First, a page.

If you spend any time at all working on construction, whether professionally or as a DIY project, you eventually will become haunted by that one, single question: Is it level? Just about everything begins and ends with that question, because it establishes a key part of structural integrity, as well as a primary aesthetic requirement.
As a result, not that long ago, if you stopped to watch tradies working on a construction project, you would see them taking up their bubble levels and consulting them with a frequency pretty close to that of teenagers checking their phones for text messages. All that started to change about 20 years ago, when laser-based levels began to become more affordable, a trend that has accelerated over the past ten years. Over the past two to three years, the laser level has passed an inflection point in its development, and has become truly affordable for even occasional DIY use around the home.
Lasers were themselves initially developed in 1960. It didn't take too long for inventors to see how useful they could be in construction, and the first construction laser was launched in 1968 by Spectra Physics. This consisted of a simple laser that had to be levelled by the use of the traditional bubble level. The plasma tube, which contained the helium and neon gasses which were "lased" to produce the laser would last for up to 300 hours of operation. The rig cost USD8,000 - equivalent in today's US dollars to over USD56,000.
The first development Spectra made was to add a motor to rotate the laser beam, which meant the level standard could be available to multiple workers building the interior fittings to a room. Next, the first self-levelling laser was developed, again by Spectra, in 1973. By the late 1970s there was general acknowledgement of just how useful the lasers were, with some sources stating they increased productivity by 30% to 40%.
The next big thing to happen to the industry was the commercial development of the diode laser in the mid-1990s. These used semiconductor materials similar to those used in light emitting diodes (the familiar LED lights). Much less expensive to produce than gas-based lasers, and offering a much longer operating period, these began to fundamentally change the laser level industry. The effect was to produce lasers that lasted for 30,000 hours of operation instead of 300, and cost half the price of gas-based lasers.
Over the past 10 years, as production in China and other low-cost labour countries has taken off, the prices of laser levels have plunged even further. Once used only on high-value construction sites, then by professional tradies, laser levels are today easily within reach of DIY consumers, as a convenience around the home.
Types of consumer levels
There are basically two types of laser levels for consumer use, with a third, in-between type emerging as well. The simplest type is basically a bubble level with a laser attached. These are typically fixed to a wall or other surface, levelled-up with the bubble level, and then project a reliable level laser line across the surface. These can be purchased for less than $45.
The second, more complex type is the self-levelling laser level. These can sit on the floor, or, more commonly, be placed in a more elevated position, either by fixing to a tripod, to a special attachment fixed to a wall, or, using a universal attachment, to some other "holder" such as a ladder, plumbing, or even a chair back, bed frame - anything. Most consumer levels use a pendulum system to provide levelling.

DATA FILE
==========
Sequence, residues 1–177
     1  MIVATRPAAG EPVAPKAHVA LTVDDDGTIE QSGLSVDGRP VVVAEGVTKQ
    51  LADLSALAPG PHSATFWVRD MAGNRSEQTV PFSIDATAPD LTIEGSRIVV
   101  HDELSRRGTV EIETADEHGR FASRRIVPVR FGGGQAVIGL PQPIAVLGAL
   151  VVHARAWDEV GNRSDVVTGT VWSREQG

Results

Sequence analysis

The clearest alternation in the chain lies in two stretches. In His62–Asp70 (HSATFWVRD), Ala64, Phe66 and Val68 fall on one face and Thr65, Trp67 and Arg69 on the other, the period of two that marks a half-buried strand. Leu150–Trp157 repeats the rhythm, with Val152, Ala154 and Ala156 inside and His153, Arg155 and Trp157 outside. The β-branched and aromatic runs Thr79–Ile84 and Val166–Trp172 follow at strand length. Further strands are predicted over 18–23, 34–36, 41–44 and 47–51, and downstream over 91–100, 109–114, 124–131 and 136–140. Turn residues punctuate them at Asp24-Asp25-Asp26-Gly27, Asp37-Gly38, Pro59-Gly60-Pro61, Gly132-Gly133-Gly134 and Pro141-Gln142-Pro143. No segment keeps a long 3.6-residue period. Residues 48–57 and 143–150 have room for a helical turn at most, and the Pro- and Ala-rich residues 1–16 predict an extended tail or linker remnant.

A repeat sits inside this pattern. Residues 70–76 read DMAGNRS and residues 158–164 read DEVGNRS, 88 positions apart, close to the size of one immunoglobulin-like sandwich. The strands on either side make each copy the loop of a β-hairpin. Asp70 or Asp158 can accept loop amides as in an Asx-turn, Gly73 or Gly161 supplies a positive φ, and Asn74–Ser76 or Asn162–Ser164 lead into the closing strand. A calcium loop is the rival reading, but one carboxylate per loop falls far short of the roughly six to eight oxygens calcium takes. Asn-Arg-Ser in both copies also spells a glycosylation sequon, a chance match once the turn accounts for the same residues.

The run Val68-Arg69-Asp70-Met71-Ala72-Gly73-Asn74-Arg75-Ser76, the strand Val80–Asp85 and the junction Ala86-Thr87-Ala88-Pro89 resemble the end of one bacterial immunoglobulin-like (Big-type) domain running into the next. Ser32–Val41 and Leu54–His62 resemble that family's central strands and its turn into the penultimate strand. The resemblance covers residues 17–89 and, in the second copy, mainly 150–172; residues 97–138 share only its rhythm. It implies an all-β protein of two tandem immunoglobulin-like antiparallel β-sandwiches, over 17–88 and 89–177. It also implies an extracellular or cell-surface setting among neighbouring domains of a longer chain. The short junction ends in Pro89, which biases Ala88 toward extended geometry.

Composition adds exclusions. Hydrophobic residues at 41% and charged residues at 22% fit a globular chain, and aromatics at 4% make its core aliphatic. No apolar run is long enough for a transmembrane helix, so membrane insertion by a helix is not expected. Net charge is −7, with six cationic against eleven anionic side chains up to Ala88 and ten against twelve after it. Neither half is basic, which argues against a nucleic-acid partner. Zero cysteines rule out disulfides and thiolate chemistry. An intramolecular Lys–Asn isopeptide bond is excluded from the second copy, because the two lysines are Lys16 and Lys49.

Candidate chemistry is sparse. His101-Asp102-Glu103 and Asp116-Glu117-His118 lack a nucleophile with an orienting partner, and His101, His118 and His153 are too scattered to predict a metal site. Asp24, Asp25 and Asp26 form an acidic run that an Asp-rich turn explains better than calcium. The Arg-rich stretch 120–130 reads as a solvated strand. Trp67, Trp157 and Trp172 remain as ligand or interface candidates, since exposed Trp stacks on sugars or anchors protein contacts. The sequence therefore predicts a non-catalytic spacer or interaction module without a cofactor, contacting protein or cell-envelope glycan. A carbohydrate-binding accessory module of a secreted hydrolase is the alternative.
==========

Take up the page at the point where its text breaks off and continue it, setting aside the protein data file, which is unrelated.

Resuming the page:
The third, emerging type is something of a hybrid of the other two. This makes use of a smartphone with an accelerometer. Connected to the phone via the headphone or connectivity port (Apple's Lightning port, micro-USB or USB-C), the connected device mainly produces the required laser line, while the phone provides the technology to sense when it is level.
Pioneered by companies such as Bosch, laser levels are becoming a more common consumer purchase. At the moment, there are not that many levels in the consumer price range produced by the major manufacturers.
However, if we accept that these consumer products need a price point under $120, there are already a range of reliable trade offerings between $180 and $240. It won't be long before we see more of these these reach down to the $80 to $130 market, and begin to become attractive to consumers.
Of course, what will cause that to happen will be a higher adoption rate of laser levels among consumers, driving better volume, and leading to manufacturing and distribution cost reductions. The question then becomes, how big is the potential market? Which leads us to an underlying question, just how useful is a laser level to the average DIYer?
The answer, HNN believes, is "very useful". That is in part because we need to remember that the average DIYer today probably has fewer skills than the DIYer of 20 years ago. It might seem like a bit of a joke to suggest that using the traditional beam bubble level is difficult, but if you only ever put it to use a couple of times a year, it is tricky. Many DIYers confidently get out the level, draw a pencil line, put up a shelf or cabinet - only to find that things have drifted out, and the bubble in the level is now distinctly out of the middle-zone.
In contrast, the laser level is a constant reminder to check the level, and offers an easy way to check and correct the seemingly inevitable drift. Spending $80 for what might amount to two hours of use over a three year period might seem excessive.
However, while cost-saving is great motivator for DIY, once undertaken the main motivator is making sure that you don't make mistakes. The shelf that is out of level by enough that it needs to be shifted 2mm or 3mm creates all kinds of problems. How do you drill mounting holes for the brackets that are so close to the existing holes, for example. Correcting mistakes is particularly difficult if you are inexperienced, and don't know some of the tricks professionals can use.
There are surprisingly few tools offered in this area by major manufacturers. This is likely due to increasing commodification. Doing a search for this type of tool on Alibaba, for example, returns a wide range of tools.
Bosch PLL 1 P Laser spirit level
With a length of 270mm and a width of 120mm, this is a simple, portable Bosch green tool that effectively boosts the functionality of a standard, small bubble level. One end of the level can emit a laser line, which has an effective range of around five metres. The other end can emit a single laser dot, which has a claimed range of 20 metres.